418 F2d 576 United States v. E Laite

418 F.2d 576

UNITED STATES of America, Plaintiff-Appellee,
v.
William E. LAITE, Jr., Defendant-Appellant.

No. 26342.

United States Court of Appeals Fifth Circuit.

Oct. 13, 1969.

William P. Fonville, Dallas, Tex., for defendant-appellant.

Eldon B. Mahon, U.S. Atty., Conard L. Florence, Alex H. McGlinchey, Asst. U.S. Attys., Fort Worth, Tex., for plaintiff-appellee.

Before AINSWORTH and SIMPSON, Circuit Judges, and MITCHELL, District judge.

SIMPSON, Circuit Judge:

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1

We review on appeal a conviction below before a jury and concurrent year and a day sentences upon two counts, Counts 3 and 5, of a five-count indictment charging that appellant committed perjury in testimony before a federal grand jury at Lubbock, Texas on March 8, 1967. We find that reversible error is not demonstrated with respect to the proceedings below under Count 3 and affirm the conviction without finding it necessary to consider the contentions presented as to Count 5.

2

Laite, a contractor on government jobs for eight or nine years, had been the successful bidder on a contract for repair of 60 houses in Federal Housing Administration Project Number 133-71 at Big Spring, Texas.

3

The Lubbock grand jury was investigating possible violations of Title 18, U.S.C., Section 287 (false claims), Title 18, U.S.C., Section 1001 (false statements), Title 18, U.S.C., Section 641 (theft of government property) and other federal criminal statutes by Laite and others. Laite was called as a witness and testified.

4

He was named in a proposed 23-count indictment considered but not finally acted upon by this grand jury. The perjury indictment upon which he was tried was returned July 19, 1967 by a second Northern District of Texas grand jury in session at Dallas, Texas. Appellant went to trial May 13, 1968 upon his not guilty plea. His motion for judgment of acquittal was granted as to Count 4 and Counts 1, 2, 3 and 5 went to the jury, which found him guilty as to Counts 3 and 5, not guilty as to Count 2 and reported disagreement as to Count 1. At sentence, June 21, 1968, judgment of acquittal was entered as to Count 1. As indicated, the sentences under Counts 3 and 5 were concurrent year and a day confinement sentences. This timely appeal followed.

5

Laite had entered into a contract with the Federal Housing Administration to repair and rehabilitate 60 houses in a Big Spring, Texas Project. The project had been badly mishandled and a number of the houses were in near ruinous condition from vandalism and neglect. Laite operated through two concerns, Town and Country Pest Control, Inc. and Laite Contracting Company. The pest control concern was his principal business and he did not have available the organization or manpower needed for the Big Spring Project 133.71 job. He hired an individual, William R. Sargent, Jr., a sheet metal worker to take charge as Superintendent of the job, and the property at Big Spring when the contract was awarded to Town and Country Pest Control in April, 1965.

6

From June 1963 to that date Laite had been awarded ten contracts by various governmental agencies, all of them containing standard Bacon-Davis Act1 labor clauses.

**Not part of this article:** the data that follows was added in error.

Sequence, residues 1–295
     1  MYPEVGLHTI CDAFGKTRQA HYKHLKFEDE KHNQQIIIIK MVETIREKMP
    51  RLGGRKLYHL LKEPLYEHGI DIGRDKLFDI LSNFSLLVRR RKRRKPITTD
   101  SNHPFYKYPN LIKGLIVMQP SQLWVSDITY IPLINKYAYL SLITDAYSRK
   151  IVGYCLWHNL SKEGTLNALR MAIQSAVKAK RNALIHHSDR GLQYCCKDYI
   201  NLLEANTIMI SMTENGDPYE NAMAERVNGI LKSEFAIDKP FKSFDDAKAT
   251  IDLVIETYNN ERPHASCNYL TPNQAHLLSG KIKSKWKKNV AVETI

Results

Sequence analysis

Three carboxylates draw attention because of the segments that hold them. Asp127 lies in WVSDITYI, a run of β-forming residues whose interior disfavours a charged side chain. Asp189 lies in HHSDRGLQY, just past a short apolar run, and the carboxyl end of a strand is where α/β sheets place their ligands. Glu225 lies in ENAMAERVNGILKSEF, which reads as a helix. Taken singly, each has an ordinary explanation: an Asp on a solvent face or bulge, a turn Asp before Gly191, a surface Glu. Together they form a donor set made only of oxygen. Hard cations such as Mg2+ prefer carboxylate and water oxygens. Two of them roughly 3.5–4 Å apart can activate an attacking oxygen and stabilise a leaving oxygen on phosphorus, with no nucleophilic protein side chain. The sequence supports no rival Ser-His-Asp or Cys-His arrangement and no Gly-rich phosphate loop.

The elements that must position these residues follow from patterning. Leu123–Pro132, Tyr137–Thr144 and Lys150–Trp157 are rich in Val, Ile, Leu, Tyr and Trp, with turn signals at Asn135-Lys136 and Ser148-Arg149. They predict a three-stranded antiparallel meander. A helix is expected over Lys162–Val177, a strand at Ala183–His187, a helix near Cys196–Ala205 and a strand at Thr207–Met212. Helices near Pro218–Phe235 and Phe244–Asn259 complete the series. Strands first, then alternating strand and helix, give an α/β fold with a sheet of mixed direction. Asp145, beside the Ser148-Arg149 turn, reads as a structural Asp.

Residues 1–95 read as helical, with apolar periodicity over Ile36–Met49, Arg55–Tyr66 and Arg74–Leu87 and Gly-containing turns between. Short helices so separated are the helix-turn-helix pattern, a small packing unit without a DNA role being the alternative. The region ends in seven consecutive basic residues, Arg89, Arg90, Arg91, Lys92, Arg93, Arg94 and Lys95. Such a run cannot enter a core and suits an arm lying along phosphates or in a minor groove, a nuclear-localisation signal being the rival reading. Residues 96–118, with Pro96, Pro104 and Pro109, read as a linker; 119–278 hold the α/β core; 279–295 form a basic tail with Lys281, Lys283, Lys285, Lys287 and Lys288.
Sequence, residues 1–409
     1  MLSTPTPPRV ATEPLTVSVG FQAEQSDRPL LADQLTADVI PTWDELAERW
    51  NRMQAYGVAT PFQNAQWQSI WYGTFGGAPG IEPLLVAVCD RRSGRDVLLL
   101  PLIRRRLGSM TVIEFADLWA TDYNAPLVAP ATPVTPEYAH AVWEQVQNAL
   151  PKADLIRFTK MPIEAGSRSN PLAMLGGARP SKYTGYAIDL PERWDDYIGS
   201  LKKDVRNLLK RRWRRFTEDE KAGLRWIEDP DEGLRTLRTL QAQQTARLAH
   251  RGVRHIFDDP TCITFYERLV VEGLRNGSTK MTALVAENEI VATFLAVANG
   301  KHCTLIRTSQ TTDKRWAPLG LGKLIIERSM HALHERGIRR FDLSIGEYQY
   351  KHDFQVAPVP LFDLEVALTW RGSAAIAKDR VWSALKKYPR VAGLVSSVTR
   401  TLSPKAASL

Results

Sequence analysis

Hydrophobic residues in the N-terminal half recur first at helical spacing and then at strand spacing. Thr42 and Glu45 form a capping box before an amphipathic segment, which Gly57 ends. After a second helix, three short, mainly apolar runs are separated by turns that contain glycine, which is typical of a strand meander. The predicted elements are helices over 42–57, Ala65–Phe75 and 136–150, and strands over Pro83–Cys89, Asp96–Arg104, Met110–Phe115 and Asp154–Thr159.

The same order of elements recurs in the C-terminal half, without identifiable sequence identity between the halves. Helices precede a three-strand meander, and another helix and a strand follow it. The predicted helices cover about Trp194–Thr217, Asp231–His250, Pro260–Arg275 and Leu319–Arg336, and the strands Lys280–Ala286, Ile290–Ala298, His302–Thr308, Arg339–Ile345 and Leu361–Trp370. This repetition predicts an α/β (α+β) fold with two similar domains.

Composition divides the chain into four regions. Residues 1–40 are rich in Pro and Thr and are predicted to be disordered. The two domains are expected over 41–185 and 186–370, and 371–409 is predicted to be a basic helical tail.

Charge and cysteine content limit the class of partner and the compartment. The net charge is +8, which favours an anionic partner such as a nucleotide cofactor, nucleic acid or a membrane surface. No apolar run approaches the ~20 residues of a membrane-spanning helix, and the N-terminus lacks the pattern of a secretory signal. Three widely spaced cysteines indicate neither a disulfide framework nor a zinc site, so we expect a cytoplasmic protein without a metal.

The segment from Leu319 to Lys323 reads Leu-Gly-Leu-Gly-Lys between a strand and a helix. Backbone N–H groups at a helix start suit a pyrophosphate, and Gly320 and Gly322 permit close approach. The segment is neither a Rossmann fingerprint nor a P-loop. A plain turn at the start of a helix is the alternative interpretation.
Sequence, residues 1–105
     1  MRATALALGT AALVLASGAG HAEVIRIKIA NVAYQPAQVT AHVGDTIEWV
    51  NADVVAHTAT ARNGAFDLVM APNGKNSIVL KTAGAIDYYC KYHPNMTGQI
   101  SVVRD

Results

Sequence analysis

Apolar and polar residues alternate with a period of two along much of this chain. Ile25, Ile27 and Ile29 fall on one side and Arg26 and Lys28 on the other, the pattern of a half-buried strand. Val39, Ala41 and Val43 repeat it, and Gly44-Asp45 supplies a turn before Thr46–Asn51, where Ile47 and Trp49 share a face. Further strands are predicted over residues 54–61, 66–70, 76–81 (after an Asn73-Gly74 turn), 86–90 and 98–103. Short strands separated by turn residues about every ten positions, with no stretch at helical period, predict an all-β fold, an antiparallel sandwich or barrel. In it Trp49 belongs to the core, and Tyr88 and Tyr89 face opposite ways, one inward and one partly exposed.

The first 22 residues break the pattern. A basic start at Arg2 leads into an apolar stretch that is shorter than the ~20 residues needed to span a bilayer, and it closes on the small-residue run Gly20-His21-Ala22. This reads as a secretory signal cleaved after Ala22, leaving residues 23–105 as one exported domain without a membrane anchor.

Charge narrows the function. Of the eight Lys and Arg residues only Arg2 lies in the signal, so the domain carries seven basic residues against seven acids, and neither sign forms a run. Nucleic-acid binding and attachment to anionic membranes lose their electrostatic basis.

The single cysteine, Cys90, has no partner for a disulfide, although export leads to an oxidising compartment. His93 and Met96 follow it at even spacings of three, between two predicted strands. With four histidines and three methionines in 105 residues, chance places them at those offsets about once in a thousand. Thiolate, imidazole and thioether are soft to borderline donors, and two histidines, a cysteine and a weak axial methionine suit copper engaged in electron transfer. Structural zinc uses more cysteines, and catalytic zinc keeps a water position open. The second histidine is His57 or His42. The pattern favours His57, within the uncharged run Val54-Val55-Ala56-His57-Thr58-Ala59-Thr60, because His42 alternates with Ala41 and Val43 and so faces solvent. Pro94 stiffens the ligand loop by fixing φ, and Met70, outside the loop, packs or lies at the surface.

7

Count 3 of the indictment is set forth in the margin.2

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8

Appellant was from the vicinity of Macon, Georgia. He had in fact been a member of the Legislature of that state. He recruited several laborers for the Big Spring job in the Macon area. Their testimony indicated that Laite told them they could work all the hours they wanted (normally in excess both of eight hours per day and of forty hours per week) but that their pay would be for straight time, without overtime.3

9

The working of these men overtime without overtime wages was a violation of the Bacon-Davis Act (Title 18, U.S.C. Sec. 328(a), footnote 1, supra) and of the terms of Laite's FHA contract No. 133-71. For convenience in comparison we here quote the grand jury testimony of Laite as alleged in Count 3 and as shown by the proof:

10

'Q. Did you ever tell anybody that you would pay them-- let them work more than eight hours and just pay them straight time? A. No, sir. Q. That you could not pay them time and a half? A. No, sir. Q. Did you ever tell any of the men that you sent down that you couldn't pay them time and a half, but if they would go down there and work for you, since they were away from home and you knew it would cost them additional money to live down there, that they could work as many hours per day as they wanted to? A. No, sir.'

11

The first major contention of appellant is that since the indictment alleged perjury in ipsissimis verbis (the identical words), it was incumbent upon the prosecution to prove that he used the same words that appear in the indictment, i.e., 'eight hour day' and 'per day' in discussing wages and hours with the employees. This contention is without merit. The thrust of the indictment charges of perjury is that the three quoted answers, 'No, sir', were false as to a material matter. The inquisitor did not put his questions in quotation marks, or refer to exact language allegedly used by Laite on the prior occasion he was being questioned about.

12

The questions adequately told appellant that 'overtime' (either over forty hours per week or over eight hours per day worked) was the subject under examination. The use by the witnesses of the term 'overtime' instead of the language 'more than eight hours' used in questioning Laite was not a material or substantial variance.

13